A Sun City Grand resident expressed concern about the left hand turn into Sun City Grand from Bell Road, specifically that drivers tend to take the turn into the wrong lane. Following review by the City, it was determined that the concern was valid, and a directional sign has been installed on the median at the entrance.
Council approved a motion in August to bring forward a code change that would place the City Attorney and City Attorney staff under the direction of the City Manager. After careful consideration, I supported this action. As Council Members, we are reminded frequently that the City Attorney’s client is the organization, not a single individual within the organization. Inasmuch as the City Manager is the chief executive within the City responsible for the overall operation and administration of the organization, it seems logical that the City Attorney, who works closely with department directors and in economic development and community development matters should be within the purview of the City Manager. The appropriate code changes will be brought back to Council for a final vote. If approved, they will be effective thirty days from the date of approval.
Veterans Day Parade:
The City will hold a Veterans Day Parade on Wednesday, November 11, along Bullard Avenue. This is the first ever hosted by the City and is part of the continuing commitment to recognize the dedication and sacrifices of our veterans.
ADOT and City Staff have been conducting one-on-one meetings with businesses in the Bell/Grand project area to assess business operations and identify business needs during construction. The team identified 299 businesses located in the project area, made 270 contacts, and collected 190 business questionnaires. The following comments were consistent among the majority of the businesses interviewed: (1) the community generally supports the project and recognizes the purpose and need for moving forward, (2) early and continual communication with stakeholders about what to expect and when with regard to project updates, traffic changes, restrictions, etc. is essential, (3) a point of contact for the community in order to provide feedback, ask questions, and share concerns should be established, (4) businesses should be provided with assistance tools and resources to help mitigate potential impacts during construction.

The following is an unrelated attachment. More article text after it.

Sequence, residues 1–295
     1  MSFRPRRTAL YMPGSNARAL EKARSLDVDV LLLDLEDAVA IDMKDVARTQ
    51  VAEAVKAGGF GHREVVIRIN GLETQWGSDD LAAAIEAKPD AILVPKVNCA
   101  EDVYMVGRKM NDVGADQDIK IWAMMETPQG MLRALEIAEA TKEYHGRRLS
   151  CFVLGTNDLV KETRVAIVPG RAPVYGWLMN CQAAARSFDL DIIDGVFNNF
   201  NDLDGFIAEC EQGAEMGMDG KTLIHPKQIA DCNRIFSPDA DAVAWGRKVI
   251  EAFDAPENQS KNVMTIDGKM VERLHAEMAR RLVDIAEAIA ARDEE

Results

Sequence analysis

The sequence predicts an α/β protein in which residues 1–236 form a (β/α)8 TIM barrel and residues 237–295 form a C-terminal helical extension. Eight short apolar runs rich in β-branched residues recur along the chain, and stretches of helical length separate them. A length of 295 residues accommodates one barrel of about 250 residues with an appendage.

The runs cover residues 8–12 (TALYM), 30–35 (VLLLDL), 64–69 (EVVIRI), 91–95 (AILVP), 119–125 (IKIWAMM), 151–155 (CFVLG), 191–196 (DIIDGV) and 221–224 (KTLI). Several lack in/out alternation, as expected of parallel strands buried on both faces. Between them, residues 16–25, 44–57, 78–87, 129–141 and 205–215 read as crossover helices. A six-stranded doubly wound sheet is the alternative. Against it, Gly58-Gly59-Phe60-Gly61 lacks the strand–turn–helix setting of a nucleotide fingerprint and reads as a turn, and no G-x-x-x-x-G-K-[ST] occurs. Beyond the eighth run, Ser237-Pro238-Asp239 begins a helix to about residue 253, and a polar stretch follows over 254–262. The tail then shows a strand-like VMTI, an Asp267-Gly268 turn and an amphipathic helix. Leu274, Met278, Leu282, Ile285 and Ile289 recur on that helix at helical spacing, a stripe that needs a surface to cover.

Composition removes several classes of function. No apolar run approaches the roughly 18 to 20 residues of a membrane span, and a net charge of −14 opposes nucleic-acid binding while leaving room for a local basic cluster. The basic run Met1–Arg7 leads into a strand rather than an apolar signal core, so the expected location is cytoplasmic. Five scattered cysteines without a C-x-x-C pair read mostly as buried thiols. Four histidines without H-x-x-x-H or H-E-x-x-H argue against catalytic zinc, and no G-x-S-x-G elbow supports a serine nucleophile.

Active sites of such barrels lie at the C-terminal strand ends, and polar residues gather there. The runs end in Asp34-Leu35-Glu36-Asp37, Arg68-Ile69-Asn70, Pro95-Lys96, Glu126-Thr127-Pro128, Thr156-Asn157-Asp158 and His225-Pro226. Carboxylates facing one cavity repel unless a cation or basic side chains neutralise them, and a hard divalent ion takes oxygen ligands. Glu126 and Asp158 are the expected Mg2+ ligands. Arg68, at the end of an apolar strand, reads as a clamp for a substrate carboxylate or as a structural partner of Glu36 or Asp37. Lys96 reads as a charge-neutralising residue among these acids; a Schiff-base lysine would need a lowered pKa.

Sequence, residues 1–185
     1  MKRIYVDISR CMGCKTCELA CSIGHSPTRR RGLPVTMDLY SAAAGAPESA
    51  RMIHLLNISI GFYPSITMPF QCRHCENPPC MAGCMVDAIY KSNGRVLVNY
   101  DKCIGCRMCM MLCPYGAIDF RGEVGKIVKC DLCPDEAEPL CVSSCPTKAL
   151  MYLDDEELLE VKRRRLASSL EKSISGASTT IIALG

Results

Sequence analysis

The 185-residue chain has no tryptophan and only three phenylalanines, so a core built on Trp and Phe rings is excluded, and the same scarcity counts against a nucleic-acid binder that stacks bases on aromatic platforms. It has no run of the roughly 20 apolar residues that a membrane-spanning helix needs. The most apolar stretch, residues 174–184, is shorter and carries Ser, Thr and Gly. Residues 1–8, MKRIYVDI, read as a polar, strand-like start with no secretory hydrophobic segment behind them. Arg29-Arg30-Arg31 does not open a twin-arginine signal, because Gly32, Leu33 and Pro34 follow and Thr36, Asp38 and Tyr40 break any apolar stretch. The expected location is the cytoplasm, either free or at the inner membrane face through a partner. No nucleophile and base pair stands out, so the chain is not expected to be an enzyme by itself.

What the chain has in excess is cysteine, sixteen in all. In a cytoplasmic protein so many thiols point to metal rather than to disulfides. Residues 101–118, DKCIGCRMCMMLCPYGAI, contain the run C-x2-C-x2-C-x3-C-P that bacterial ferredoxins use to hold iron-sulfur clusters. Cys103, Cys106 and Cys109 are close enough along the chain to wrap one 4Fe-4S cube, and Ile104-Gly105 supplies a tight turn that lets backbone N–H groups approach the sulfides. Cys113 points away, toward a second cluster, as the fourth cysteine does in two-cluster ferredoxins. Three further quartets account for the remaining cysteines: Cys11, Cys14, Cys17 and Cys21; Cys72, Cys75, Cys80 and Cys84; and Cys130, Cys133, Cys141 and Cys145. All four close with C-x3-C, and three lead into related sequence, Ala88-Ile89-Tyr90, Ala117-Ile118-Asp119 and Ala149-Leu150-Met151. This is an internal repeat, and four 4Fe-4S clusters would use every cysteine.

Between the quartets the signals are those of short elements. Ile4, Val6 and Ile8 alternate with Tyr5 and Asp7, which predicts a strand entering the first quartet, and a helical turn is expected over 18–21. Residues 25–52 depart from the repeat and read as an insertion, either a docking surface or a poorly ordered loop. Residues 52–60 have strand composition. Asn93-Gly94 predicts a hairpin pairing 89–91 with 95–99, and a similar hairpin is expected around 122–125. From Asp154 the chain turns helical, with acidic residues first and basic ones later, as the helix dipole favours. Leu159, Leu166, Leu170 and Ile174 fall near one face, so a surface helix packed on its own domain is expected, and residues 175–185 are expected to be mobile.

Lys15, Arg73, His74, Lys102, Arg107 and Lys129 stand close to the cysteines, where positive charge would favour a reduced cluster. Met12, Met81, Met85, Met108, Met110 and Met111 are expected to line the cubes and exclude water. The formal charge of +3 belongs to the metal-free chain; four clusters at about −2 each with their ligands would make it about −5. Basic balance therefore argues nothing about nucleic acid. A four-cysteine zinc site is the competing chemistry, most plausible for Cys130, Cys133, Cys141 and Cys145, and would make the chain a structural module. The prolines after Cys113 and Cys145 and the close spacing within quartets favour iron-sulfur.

Traffic Changes in Sun City Grand:
South bound curbside lanes at Reems/Mountain View and Sunrise/Mountain View that had previously been restricted for right turn only traffic movements have been modified. These lanes now allow traffic to continue straight or turn right. According to the City traffic engineer, while the right turn only lane was convenient for some, these changes have eliminated the need for through traffic to merge out of the curbside lane, reducing the risk of accidents and making the roads safer to travel. The corresponding increase in safety and consistency with intersections throughout the community and state justifies the traffic revision. All four approaches at each intersection are now marked with consistent striping options.
A number of voter outreach displays have been placed throughout the City. There are five locations in City Sun Grand, including at the Administrative Center and at the Colonnade. On Monday, October 26, 2 p.m., in the Sagebrush Room, Sherry Aguilar, Surprise City Clerk, will be presenting an information session on the 2016 election process.
Following a presentation at a recent Council meeting by Terry Lowe, Director of the Water Resource Development Department, Council had a preliminary discussion about the possibility of developing a Storm Water Utility to generate a dedicated funding source for the operation and maintenance of the City’s Storm Water Conveyance systems. Six other cities charge residents storm water rates: Mesa, Scottsdale, Peoria, Oro Valley, Flagstaff, and Tucson. As the discussions continue, a number of informational public hearings and open houses will be held throughout the community.
Monthly “chats” are continuing on the first Tuesday of each month, 10 a.m., in the Mediterranean Room in the Palm Center.
Learn why companies choose Surprise; how our Community Jobs board works & more in the August update.